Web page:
Have I ever mentioned how frustrating I find programming in Shortcuts? I have? Well, I’m going to do it again. This time, I’m going to vent about Magic Variables, which everyone says are great but which I despise. Sort of.
By focusing on user experience, accessibility, and solving the complex challenges around heterogenous enterprise setups: “I think we’ve embedded design into our definition of agile and how we build software and how we build solutions,” Previn explained.
“The philosophy is that if we spend enough time on engineering up-front so we have fewer problems coming into the environment, we can then afford to staff more qualified people as we don’t need so many of them. Then, when you call the help desk, they are totally driven and focused on delivering a great user experience to you.”
Amazon isn’t alone in apparently retaliating against Bloomberg over a report it says is untrue and riddled with inaccuracies. According to multiple sources, Bloomberg was not invited to Apple’s fall product event next week in Brooklyn.
Silicon Valley parents are increasingly obsessed with keeping their children away from screens. Even a little screen time can be so deeply addictive, some parents believe, that it’s best if a child neither touches nor sees any of these glittering rectangles. These particular parents, after all, deeply understand their allure.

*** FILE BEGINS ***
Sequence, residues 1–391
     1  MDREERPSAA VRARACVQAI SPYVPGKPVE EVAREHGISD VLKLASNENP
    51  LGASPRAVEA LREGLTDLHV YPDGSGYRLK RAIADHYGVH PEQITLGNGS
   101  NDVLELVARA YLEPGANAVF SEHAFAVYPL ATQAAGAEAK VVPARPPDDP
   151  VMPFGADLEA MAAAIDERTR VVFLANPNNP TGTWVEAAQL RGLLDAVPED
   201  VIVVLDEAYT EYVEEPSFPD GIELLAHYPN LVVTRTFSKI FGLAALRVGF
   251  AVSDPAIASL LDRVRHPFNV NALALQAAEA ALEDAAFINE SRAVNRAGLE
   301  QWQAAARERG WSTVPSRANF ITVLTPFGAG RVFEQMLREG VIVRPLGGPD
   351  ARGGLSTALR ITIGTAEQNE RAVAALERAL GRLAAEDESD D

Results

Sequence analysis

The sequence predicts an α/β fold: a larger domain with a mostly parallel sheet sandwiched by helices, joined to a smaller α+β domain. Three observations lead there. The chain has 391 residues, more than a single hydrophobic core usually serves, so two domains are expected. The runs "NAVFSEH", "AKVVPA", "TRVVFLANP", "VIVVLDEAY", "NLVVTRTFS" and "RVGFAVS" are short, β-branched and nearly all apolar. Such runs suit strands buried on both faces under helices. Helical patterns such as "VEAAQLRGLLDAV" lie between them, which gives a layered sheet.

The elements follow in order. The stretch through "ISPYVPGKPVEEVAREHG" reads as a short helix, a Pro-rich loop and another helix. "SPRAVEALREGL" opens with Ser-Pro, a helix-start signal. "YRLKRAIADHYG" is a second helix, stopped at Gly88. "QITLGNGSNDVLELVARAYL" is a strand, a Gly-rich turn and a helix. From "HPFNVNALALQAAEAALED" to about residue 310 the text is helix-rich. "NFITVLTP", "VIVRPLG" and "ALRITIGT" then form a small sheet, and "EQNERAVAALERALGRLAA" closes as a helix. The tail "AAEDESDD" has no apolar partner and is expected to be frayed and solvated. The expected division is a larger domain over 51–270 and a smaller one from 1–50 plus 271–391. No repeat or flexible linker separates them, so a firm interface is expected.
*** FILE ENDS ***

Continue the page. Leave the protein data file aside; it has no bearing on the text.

But it’s very hard for a working adult in the 21st century to live at home without looking at a phone. And so, as with many aspirations and ideals, it’s easier to hire someone to do this.
Enter the Silicon Valley nanny, who each day returns to the time before screens.
Probably for the first time in my life, I've replaced Apple products with non-Apple products. I've been using AirPorts since 2001, but starting three hours ago as I am typing this, the wireless network in my apartment is now powered by NetGear's Orbi.
This may also mark the start of another tradition: just buying whatever Wirecutter recommends.
Thanks for reading.